I read a story that fascinates me. It takes place in Loma Linda, California; a city with about 23,000 residents.
I invited myself to take a stroll through town using Google Earth. In my quick perusal, Loma Linda appears to be like any other Southern California town. I noticed a college, medical center, shopping malls, a gas station, and a drug store.
It is interesting to note that in this city east of Los Angeles, people enjoy one of the longest life spans in the world. The average resident lives well into their 80’s. Fitness and clean living are the bywords here, and they have a healthy population of centenarians to support the claim.
They also are a deeply religious community. Loma Linda is home to many followers of the Seventh-day Adventist faith. The religion encourages its followers to abstain from alcohol, tobacco and caffeine. They also encourage a vegetarian or vegan diet as well.
I know a bit about living in a religious community, in a religion that encourages a healthy lifestyle. The Mormons also abstain from alcohol and tobacco, and encourage moderate consumption of meats. In our larger-than-average religious population, we also see health benefits when the people follow this council. I empathize with that.
There is one other thing that the town of Loma Linda is missing. That would be a McDonald’s Restaurant.
Now some would hold the opinion that the absence of this establishment is a plus to the charming city. The municipality already hosts a Del Taco, Carl’s Jr., and other fast-food fare. So naturally, it was only a matter of time before someone wanted to open a franchise and raise the Golden Arches within the city limits.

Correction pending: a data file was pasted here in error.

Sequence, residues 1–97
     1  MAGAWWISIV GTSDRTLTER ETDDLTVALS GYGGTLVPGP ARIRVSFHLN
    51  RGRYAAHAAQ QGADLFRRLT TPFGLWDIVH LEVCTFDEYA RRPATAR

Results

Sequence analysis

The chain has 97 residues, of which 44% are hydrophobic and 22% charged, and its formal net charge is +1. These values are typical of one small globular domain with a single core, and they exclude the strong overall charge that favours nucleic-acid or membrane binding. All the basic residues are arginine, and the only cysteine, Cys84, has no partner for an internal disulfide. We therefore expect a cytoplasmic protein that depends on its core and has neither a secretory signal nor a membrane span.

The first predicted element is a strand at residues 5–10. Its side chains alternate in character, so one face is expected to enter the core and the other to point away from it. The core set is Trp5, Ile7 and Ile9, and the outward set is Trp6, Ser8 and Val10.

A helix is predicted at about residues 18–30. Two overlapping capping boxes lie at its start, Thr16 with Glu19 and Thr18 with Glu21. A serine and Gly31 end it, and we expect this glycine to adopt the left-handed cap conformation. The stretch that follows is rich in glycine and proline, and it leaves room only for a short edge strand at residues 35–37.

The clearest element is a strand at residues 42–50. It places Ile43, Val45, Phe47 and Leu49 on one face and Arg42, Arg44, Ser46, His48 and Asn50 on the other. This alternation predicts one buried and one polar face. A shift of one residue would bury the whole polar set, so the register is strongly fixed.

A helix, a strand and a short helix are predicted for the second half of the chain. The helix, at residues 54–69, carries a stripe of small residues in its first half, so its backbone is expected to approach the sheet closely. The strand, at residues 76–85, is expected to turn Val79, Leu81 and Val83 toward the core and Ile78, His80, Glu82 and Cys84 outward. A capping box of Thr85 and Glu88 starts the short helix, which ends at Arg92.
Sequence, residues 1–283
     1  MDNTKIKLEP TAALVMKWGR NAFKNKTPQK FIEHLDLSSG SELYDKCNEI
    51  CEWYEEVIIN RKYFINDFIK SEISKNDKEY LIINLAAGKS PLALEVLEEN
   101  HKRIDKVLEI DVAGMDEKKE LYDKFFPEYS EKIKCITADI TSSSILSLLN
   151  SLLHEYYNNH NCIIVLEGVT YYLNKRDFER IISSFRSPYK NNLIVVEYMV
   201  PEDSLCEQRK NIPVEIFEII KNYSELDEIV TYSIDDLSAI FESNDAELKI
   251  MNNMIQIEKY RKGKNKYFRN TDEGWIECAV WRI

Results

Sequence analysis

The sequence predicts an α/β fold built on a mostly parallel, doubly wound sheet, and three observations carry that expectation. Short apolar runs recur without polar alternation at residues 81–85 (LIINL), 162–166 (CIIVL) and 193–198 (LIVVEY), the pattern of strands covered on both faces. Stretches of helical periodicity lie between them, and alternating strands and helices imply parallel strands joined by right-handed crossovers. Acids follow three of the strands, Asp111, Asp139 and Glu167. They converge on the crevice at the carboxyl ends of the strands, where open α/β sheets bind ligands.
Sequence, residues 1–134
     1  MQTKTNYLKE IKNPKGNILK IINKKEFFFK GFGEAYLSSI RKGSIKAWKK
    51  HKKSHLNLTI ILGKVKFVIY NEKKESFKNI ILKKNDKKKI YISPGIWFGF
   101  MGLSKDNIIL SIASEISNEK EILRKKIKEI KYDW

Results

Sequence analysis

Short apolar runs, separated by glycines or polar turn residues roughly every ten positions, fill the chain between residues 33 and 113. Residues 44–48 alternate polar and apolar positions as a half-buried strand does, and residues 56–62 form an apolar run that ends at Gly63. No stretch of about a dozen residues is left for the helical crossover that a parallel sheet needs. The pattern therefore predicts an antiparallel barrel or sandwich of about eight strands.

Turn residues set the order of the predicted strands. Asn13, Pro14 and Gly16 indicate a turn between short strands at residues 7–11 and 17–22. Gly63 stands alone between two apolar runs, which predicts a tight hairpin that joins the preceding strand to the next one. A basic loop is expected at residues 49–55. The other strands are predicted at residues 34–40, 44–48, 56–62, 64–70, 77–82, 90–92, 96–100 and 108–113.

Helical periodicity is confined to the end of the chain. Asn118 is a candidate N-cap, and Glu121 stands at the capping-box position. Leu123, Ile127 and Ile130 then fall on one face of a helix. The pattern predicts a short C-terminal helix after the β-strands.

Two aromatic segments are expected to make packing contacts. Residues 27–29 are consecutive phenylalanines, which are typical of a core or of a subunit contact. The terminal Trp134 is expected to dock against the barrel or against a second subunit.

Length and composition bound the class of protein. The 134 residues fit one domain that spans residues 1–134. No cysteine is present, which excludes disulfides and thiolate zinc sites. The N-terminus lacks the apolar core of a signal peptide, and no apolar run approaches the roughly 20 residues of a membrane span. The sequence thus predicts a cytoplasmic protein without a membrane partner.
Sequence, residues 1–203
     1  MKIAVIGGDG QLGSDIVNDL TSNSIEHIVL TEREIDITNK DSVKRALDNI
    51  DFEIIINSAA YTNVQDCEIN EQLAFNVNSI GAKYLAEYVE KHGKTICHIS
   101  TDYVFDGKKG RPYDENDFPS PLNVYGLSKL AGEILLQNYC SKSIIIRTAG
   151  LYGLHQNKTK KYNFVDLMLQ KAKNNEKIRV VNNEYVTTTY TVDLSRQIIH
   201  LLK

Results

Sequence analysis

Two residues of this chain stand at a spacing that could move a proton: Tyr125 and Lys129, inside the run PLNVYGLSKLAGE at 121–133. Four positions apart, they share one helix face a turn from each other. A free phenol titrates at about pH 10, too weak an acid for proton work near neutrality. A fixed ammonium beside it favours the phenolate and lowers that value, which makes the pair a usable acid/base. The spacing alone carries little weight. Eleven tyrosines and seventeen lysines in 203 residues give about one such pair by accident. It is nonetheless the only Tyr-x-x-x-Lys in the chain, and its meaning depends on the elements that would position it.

The residents are crying “No!”
The city council is considering whether or not to deny their permit to build.
Parents are concerned that their children, raised with a McDonald’s restaurant in such close proximity, will desire to eat there. They will break the tenants of the majority religious faith, as well as develop unhealthy eating habits.
I applaud those parents for taking a concerned interest in their children’s health and well being, and wish that all parents did the same everywhere. However, I don’t agree with your argument.
If your children are younger, teach them that your family does not patronize that business. Teach them based on the merits of healthy eating, or the articles of your faith, or both.
If you have older children, then I recognize that it becomes harder. You still must endeavor to use your influence to teach them what you believe, and your faith that they will follow in the ways of righteousness. As they grow and develop their independence and friendships, you only fool yourself if you believe that teenagers cannot travel to a neighboring city to taste a forbidden Big Mac, if they have a mind to do so.
No, banning the restaurant because you think you cannot withstand the pleas of your young charges simply doesn’t make sense to me. Other restaurants are already in town serving similar foods. If you can withstand those temptations, you can likewise hold up against the invitation of the Ronald and his inviting Playplace™.
Allow the restaurant to be built, and vote against it with your pocketbook. Do not support it financially. That is the proper way to handle the situation. The businessman will take the risk, and fail if the community doesn’t purchase his food. That is a normal, natural way.
I suspect that you will have a more expensive courtroom fight on your hands if you deny the rights of this businessman when similar establishments already exist.
So here I stand. I am not a personal fan of McDonald’s restaurants, and I have never been to Loma Linda. I have no stake in either place. Yet I will fiercely defend your right to practice your religion, if you will defend the right of a businessman to legally and lawfully build a burger joint.
And I’ll take a side order of fries with that to go, please.